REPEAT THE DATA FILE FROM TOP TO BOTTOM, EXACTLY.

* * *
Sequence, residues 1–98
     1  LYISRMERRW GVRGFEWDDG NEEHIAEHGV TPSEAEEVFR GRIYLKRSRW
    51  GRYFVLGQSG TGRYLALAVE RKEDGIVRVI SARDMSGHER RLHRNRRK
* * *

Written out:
Sequence, residues 1–98
     1  LYISRMERRW GVRGFEWDDG NEEHIAEHGV TPSEAEEVFR GRIYLKRSRW
    51  GRYFVLGQSG TGRYLALAVE RKEDGIVRVI SARDMSGHER RLHRNRRK